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Companies Want Workers to Return to the Office

Three reasons why the management pendulum is swinging against remote work.

Despite the enormous popularity of remote work for many employees, most companies will be returning employees to the office during the coming year. A recent survey from Resume Builder showed that 90 percent of companies with office space will be bringing their employees back into the office by year-end 2024.

Source: Ivan Samkov / Pexels
Many remote workers may not realize they'll soon be called back into the office.
Source: Ivan Samkov / Pexels

To be sure, many of the arrangements will be hybrid, meaning companies will offer some combination of work-from-home and in-office opportunities. Nonetheless, this trend (known as return to office, or RTO, or in business parlance) is still a disappointment for large numbers of employees who enjoy flexibility and feel more autonomous and productive when working from home.

There are three main reasons, according to the survey, plus some thoughts of my own.

It can be hard to manage remotely. The simple fact is, as I've said about 6,000 times, everyday management even in the best of circumstances isn't easy, dealing with such pesky realities as unique personalities and contentious group dynamics. Not surprisingly, effective remote management is harder still. The normal challenges of in-person management are amplified by distance, poor communication, feelings of isolation and disconnection, and others. It may well require extra managerial effort to be sure employee performance expectations and results are (as an old editor of mine used to say) "clear as a mountain crick." Can it succeed? Sure. However, many organizations lack the management talent to pull it off.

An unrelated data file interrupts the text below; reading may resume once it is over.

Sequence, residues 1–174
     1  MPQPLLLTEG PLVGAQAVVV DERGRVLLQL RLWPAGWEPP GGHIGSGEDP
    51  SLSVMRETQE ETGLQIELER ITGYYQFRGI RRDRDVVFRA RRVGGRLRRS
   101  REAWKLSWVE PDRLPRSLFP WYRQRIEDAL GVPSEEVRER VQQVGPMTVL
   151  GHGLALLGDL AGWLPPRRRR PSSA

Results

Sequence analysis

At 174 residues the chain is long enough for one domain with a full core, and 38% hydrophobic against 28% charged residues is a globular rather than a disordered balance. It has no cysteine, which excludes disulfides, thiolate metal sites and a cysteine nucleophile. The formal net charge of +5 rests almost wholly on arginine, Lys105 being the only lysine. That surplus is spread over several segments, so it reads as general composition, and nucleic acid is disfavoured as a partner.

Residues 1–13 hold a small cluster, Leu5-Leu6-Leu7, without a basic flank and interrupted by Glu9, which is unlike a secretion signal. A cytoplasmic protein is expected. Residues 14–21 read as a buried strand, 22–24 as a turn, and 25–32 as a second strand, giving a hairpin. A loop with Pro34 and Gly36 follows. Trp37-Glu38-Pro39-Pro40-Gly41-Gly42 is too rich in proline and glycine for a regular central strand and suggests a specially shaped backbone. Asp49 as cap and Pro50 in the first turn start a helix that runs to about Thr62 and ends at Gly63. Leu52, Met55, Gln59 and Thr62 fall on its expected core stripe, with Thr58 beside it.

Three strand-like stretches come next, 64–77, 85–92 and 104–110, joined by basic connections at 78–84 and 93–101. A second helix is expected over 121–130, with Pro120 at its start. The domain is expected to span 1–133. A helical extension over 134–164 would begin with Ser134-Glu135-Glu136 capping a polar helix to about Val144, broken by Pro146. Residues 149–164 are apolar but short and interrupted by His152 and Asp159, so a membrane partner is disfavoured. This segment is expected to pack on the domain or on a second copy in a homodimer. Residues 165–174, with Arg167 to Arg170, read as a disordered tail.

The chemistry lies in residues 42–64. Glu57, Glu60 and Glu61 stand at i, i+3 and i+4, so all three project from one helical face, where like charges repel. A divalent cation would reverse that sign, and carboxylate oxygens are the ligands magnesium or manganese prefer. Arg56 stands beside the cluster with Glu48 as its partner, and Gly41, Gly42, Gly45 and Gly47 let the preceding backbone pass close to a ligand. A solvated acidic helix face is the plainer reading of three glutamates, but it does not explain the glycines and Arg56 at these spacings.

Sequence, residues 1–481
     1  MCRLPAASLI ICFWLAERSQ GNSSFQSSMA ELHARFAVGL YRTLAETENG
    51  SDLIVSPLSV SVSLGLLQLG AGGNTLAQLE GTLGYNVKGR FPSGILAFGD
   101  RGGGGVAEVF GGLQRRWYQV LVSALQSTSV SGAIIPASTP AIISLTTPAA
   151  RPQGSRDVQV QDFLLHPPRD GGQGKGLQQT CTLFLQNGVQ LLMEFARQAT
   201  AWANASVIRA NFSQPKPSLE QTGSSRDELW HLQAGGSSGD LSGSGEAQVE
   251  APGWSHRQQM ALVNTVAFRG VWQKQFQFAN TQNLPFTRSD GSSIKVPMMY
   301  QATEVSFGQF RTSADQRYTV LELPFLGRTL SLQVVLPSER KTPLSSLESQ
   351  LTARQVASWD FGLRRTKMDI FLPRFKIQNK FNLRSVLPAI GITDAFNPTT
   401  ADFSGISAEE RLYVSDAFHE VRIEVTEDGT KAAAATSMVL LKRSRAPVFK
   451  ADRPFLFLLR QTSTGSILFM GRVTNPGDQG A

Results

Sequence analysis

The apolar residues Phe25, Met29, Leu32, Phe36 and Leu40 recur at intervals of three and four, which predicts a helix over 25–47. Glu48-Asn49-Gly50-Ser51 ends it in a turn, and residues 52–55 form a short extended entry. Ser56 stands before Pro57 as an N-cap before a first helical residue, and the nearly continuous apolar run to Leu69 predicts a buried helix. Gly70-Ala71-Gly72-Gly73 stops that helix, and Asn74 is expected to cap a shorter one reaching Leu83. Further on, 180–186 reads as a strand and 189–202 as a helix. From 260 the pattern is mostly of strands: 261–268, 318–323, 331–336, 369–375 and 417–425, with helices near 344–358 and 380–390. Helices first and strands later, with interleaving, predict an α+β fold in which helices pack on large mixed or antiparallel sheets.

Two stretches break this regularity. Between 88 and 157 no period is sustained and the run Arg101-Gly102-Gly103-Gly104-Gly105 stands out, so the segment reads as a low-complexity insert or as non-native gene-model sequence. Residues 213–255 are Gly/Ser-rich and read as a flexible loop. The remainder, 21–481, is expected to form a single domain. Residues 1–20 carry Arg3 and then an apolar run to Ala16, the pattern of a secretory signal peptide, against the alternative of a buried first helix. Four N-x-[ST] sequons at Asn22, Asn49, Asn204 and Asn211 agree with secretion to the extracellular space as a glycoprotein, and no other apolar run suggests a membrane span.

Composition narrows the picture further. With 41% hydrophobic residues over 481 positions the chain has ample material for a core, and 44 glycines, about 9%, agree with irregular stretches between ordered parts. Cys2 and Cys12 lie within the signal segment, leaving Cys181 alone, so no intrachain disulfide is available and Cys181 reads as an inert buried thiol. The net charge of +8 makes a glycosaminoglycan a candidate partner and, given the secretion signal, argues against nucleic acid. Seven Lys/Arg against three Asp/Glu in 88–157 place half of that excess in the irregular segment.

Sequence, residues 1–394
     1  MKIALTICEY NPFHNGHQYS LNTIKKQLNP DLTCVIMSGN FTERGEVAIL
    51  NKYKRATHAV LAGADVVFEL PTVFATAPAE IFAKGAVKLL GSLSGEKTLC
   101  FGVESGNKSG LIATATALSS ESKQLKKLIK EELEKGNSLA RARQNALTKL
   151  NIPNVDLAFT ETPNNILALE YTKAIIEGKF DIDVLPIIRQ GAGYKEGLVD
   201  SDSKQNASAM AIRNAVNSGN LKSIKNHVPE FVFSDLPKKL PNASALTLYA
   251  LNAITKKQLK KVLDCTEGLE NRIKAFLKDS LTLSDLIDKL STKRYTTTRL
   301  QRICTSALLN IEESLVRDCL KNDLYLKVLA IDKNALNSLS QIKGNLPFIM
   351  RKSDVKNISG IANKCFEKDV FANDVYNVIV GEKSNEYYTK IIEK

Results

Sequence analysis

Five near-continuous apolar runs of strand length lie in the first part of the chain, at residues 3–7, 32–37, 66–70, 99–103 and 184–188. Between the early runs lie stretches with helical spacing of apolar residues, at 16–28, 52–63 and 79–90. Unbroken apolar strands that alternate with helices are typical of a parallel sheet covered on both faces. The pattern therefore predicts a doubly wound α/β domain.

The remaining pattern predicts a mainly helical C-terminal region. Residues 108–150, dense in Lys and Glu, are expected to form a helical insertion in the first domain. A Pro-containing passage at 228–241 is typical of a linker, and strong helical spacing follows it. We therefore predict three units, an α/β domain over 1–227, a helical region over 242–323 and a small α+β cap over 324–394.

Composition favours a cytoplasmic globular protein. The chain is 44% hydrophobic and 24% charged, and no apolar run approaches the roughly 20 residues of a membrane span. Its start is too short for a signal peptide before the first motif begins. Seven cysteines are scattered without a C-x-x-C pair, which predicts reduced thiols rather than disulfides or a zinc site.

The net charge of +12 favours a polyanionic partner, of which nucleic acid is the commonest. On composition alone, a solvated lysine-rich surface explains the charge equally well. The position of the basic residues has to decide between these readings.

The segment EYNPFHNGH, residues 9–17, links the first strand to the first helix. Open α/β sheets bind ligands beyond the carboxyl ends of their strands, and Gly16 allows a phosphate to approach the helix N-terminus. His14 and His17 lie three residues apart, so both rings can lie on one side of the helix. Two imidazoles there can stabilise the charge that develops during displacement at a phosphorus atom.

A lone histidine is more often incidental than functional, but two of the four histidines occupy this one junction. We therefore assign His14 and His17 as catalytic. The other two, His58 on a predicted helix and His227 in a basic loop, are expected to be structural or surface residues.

Companies feel returning to the office has improved productivity and revenue. In the research noted above, some companies have been bringing employees back to the office since 2021, so they've now had time to assess how remote versus in-office management has been performing. Their conclusions? More than 70 percent of the organizations surveyed feel bringing employees back to the office has improved revenue, and more than 80 percent feel it has improved productivity. Is this perception or reality? It's a little hard to say because of the general manner in which the question is asked: "Do you believe RTO has improved or worsened the following?" Or do the answers mostly reflect the challenges of managing remotely, as described above? Again, it's hard to conclude definitively, but if management does indeed have reliable data indicating that revenue and productivity are stronger with an in-office workforce, well, then returning employees to an office setting becomes an easy decision to make.

It can be a subtle way of engineering a layoff. This third reason is more Machiavellian, but that doesn't mean it doesn't have truth to it. For many remote workers who've made major lifestyle changes and moved themselves and often their family to a distant location, returning to the office just isn't possible, or at least practical. Last fall Matt Higgins wrote a provocative piece for Fast Company, "Op-ed: One possible reason many CEOs want workers back in the office is they want some to quit." Indeed, we live in an age of corporate reorganizations. As Higgins writes, "'Hire slow, fire fast.' It’s a well-worn adage that many first-year MBA students have drilled into their heads." Yep, got it. Been there, done that. In an RTO scenario, Higgins concludes, "It’s not hard to deduce that someone who moved their whole family from New York to Whitefish, Montana, is probably going to find another way to survive." Sad to say, I don't think this is at all a crazy line of thinking. A generation of managers raised on the notion of downsizing their way to profitability may well see the RTO option as a welcome way to reduce staff while avoiding traditional layoffs and the pain and negative publicity that invariably entails.

Remote work isn't for everyone, but for some employees, and some personalities, it's a game-changer. They love the relative autonomy and thrive in it.

Given the issues described above, it's not surprising the pendulum would swing back toward the office a bit. I hope the arc isn't too long.


Resume Builder. (2023). 90% of Companies Will Return to Office By the End of 2024.

Higgins, M. (2023). Op-ed: One possible reason many CEOs want remote workers back in the office is they want some to quit. Fast Company.

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